18.02.2016. Le Sirenuse
It’s a rare thing for a young chef to be put in charge of a Michelin-starred restaurant. Rarer still in southern Italy, where respect for seniority sometimes acts as a brake on fresh new voices. But Le Sirenuse has always believed in nurturing talent, regardless of age. Matteo Temperini was only 34 when he became executive chef of the hotel’s La Sponda restaurant in 2009; his successor, Gennaro Russo, who will take over the position from the beginning of the 2016 season, is just 29.
Russo, who comes from the town of Somma Vesuviana, east of Naples, is no stranger to Le Sirenuse’s informally elegant restaurant with its fresh and local Mediterranean menu: he was Temperini’s sous-chef, or second in command, over the 2014 and 2015 seasons. Prior to this he had spent three years honing his craft in Paris as chef de partie at two historic Michelin-starred establishments, Lasserre and L’Ambroisie.
The young Campanian chef’s talent was recently recognised at Cucinare, an important food fair in the north-eastern city of Pordenone, where he was one of three upcoming Italian chefs to receive the FriulAdria prize for most promising under-30 newcomer. He says that the news of his promotion at Le Sirenuse came out of the blue: “I couldn’t believe it… I was amazed, because there are few restaurants anywhere in Italy with such high standards”.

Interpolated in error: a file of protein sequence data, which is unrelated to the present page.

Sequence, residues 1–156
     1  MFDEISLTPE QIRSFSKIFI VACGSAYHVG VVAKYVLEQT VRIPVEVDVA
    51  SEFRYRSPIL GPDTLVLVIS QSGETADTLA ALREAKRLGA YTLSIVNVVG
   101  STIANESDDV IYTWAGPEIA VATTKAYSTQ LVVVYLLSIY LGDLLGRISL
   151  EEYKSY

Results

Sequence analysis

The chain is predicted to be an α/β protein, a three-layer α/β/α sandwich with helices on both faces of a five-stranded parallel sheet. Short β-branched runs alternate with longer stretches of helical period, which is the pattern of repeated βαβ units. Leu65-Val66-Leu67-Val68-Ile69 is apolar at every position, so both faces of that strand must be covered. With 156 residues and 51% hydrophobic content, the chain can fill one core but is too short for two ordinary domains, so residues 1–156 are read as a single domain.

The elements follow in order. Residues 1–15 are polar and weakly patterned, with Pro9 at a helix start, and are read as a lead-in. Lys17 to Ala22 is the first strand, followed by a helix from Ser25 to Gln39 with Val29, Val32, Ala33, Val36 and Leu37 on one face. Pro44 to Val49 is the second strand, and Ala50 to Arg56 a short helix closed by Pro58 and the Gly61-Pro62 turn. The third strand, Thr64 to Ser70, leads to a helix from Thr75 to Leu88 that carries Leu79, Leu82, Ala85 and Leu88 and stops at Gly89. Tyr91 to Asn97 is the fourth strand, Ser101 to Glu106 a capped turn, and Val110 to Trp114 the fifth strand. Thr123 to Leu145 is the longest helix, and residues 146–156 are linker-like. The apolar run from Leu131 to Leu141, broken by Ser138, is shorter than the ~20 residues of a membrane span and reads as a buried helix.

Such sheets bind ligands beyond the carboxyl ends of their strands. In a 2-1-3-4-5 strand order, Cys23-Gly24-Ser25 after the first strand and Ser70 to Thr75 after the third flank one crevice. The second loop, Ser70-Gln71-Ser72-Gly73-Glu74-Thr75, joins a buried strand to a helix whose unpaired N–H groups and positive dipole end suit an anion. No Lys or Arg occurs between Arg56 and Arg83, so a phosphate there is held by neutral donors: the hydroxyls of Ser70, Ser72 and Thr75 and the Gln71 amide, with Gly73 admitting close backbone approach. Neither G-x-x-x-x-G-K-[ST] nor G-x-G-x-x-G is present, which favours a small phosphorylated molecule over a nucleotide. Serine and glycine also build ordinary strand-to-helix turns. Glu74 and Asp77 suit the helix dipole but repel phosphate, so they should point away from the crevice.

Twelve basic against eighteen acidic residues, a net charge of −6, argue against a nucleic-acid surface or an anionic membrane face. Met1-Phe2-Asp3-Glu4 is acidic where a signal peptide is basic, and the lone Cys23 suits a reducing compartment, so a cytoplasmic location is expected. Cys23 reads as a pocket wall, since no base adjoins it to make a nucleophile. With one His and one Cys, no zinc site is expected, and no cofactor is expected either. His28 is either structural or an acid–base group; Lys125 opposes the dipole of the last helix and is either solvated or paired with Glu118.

Russo says he owes a huge debt to his mentor Temperini, who coached him in “creativity, rigour and precision”. He still remembers fondly the moment when the news broke that La Sponda was to be awarded its first Michelin star: he was with Temperini in a shop in Paris, “and we both burst out crying”. But his French experiences also helped Russo to mature as a chef. “I was a diamond in the rough before I went there”, he states, adding that the cordon bleu approach he learned in Paris taught him “technical exactitude” and the lesson that “chefs don’t need to compete, we can make better progress if we all help to row the same boat”.
As for La Sponda’s new menu and culinary direction, Russo says he’s still in the process of trying out new recipes with his kitchen crew, but stresses that there will be no radical break with the “light, Mediterranean approach” pioneered by Temperini. “Respect for the territory, for top-quality local ingredients, that’s my number one rule”, he concludes. We wish him tanti auguri in his new adventure.
photo © Roberto Salomone